Education — a ‘culture-killing weapon’?

Issue 
Students at the PanAmerican Institute, Tijuana, Mexico.

New World of Indigenous Resistance
By Noam Chomsky and voices from North, South, and Central America
City Lights Open Media, 2010, 300 pages

Review by Mat Ward

This book bills itself as a “virtual hemispheric conversation” and claims to be the first book of its kind.

It is certainly an eye-opener.

The book’s commissioning editor, Lois Meyer, interviewed renowned linguist and activist Noam Chomsky on the subject of indigenous resistance. She then invited more than 20 indigenous scholars, activists and educators from North, Central and South America to respond.

Chomsky then reflected upon the commentaries. The result is a book that could change the way its readers think about education forever.

Chomsky points out early on that education is used as a homogenising force. But his respondents pull no punches.

Mexican activist Gustavo Esteva says: “Dr Chomsky appears to share the general prejudice that education is a universal good and that it ought to be everyone’s right.” But, he says, the concept of education is neither indigenous nor old.

“The thing that we call education arose with capitalist society and from the beginning served as one of its main pillars. The education of children was mentioned for the first time in France in a document from 1498 and the word ‘education’ appeared for the first time in English in 1530.”

Mexican anthropologist Benjamin Maldonado says that, for indigenous people, education has gone on to become a “culture-killing weapon.”

State-enforced education destroys indigenous languages. But it is not only those words, their meaning and values that are lost. Peruvian activist Grimaldo Rengifo says schools disrupt three kinds of conversations that are fundamental for indigenous people.

The first is the parent-child dialogue: the young become hostile to the adults’ traditions that have enabled their people to survive for millennia.

The second is the conversation between individuals and nature: schools impose detached, scientific reasoning and encourage the exploitation of nature, the pursuit of wealth and the migration from remote, resource-rich lands to cities.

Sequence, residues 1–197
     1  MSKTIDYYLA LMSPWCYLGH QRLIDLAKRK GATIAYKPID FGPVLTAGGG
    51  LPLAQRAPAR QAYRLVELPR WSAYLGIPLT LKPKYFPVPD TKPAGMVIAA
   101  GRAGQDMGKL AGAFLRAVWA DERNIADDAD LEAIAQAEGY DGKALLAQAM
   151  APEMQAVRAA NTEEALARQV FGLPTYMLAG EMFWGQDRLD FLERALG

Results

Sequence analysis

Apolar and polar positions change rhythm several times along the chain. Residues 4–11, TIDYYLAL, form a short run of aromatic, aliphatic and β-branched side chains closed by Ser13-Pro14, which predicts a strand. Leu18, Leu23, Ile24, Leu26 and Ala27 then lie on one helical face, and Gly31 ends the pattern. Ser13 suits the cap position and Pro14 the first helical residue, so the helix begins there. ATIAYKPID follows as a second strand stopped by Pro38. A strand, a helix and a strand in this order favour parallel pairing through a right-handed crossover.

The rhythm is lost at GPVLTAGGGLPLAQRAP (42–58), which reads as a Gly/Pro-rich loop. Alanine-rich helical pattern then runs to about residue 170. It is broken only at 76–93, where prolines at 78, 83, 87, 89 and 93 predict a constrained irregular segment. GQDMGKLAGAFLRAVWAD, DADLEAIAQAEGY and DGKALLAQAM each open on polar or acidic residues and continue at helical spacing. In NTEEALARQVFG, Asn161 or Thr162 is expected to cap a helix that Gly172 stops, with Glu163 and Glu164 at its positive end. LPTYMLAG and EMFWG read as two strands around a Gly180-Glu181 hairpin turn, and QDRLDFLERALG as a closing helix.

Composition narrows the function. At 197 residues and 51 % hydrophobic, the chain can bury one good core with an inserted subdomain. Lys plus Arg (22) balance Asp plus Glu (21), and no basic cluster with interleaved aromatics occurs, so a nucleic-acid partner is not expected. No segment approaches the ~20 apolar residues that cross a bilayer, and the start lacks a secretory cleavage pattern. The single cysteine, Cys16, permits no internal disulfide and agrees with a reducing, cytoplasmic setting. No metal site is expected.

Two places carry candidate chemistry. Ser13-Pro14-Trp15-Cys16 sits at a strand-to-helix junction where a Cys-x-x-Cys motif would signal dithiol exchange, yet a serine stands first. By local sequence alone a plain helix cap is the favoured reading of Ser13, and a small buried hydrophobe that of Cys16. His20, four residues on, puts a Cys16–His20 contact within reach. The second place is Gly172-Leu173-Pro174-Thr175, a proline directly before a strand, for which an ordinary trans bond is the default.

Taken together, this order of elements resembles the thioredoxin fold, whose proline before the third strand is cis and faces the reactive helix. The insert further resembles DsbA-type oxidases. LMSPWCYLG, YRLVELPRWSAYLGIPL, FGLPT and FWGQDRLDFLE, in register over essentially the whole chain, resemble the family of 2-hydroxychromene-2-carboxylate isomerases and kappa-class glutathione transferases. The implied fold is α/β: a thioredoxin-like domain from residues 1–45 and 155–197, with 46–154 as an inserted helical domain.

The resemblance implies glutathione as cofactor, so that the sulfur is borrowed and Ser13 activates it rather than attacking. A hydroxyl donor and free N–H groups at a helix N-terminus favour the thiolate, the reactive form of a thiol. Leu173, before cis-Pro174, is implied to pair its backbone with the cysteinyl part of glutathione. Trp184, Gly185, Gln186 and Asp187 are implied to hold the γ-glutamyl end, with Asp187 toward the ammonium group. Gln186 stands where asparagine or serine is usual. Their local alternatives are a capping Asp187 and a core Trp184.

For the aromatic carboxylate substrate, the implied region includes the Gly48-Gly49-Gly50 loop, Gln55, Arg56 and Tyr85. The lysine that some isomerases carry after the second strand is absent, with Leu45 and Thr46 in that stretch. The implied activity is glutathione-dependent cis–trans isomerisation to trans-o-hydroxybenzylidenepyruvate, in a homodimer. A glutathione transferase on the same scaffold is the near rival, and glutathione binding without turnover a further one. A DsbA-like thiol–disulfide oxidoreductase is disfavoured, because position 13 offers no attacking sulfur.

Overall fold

The third is the dialogue between individuals and deities: schools question and mock beliefs, rituals, the sacred and supernatural.

The intended effect is homogenisation in the capitalist mould. “I think it would be hell to live in a world where everyone was identical,” says Chomsky. “Diversity is part of the richness of life.”

However, at risk is not only diversity, but the planet itself. As Bolivian President Evo Morales puts it: “Indigenous people are the moral reserve of humanity.”

The way forward, says the book, is the widespread indigenous concept of “communalidad”. The fact that there is no translation for communalidad speaks volumes. The word “community” is inadequate, since communalidad encompasses not only humans, but nature, deities and the universe.

“Communalidad is one way of understanding that man is not the centre, but simply a part of this great natural world”, says Mexican anthropologist Jaime Martinez Luna.

“It is here that we can distinguish the enormous difference between Western and indigenous thought. Who is at the centre — one or all? The individual, or everyone?”

As Esteva points out: “There are indigenous languages that have no words for ‘I/me’ and ‘you’, referring to single individuals.”

Communalidad differs from solidarity because solidarity is voluntary, selective, temporary and one-way, says Maldonado. Communalidad is reciprocal, obligatory, permanent and involves everyone.

As Meyer puts it: “We have the capacity and the obligation in global communalidad to go even deeper, to reach out more inclusively, to let ourselves receive as well as give, and to never, ever, turn our back and walk away.”

In an education system that embraces communalidad, pupils solve problems not individually, but collectively. The teacher-pupil relationship is transformed as pupils assess each other and decide the curriculum.

Communities ground their children in their own language, beliefs, traditions and knowledge before cherry-picking elements of non-indigenous education they feel would be beneficial.

Teachers who merely teach and do not “do” are not as valued as people who are actually practising every day what they can pass on. “To know, you have to live”, says Rengifo.

Some of these ideas are already implemented in Western progressive schools. But Meyer, who is not indigenous, admits to being shocked and overwhelmed by many of the ideas unearthed by the book.

Most of the indigenous respondents, despite being well-known in the indigenous and Spanish-speaking world, have been translated into English here for the first time.

When Chomsky is asked for his closing thoughts, he says the respondents have given him a lot to think about and he would “like to understand better, get a better grasp of, the concept of restoring communal values in education and other aspects of life”.

Meyer says the book is intended as an open-ended conversation that should be continued. New World of Indigenous Resistance restricts itself to North, Central and South America, but the parallels with Australia are obvious.

The conversation should be continued here. Let’s hope it results in more than just words.

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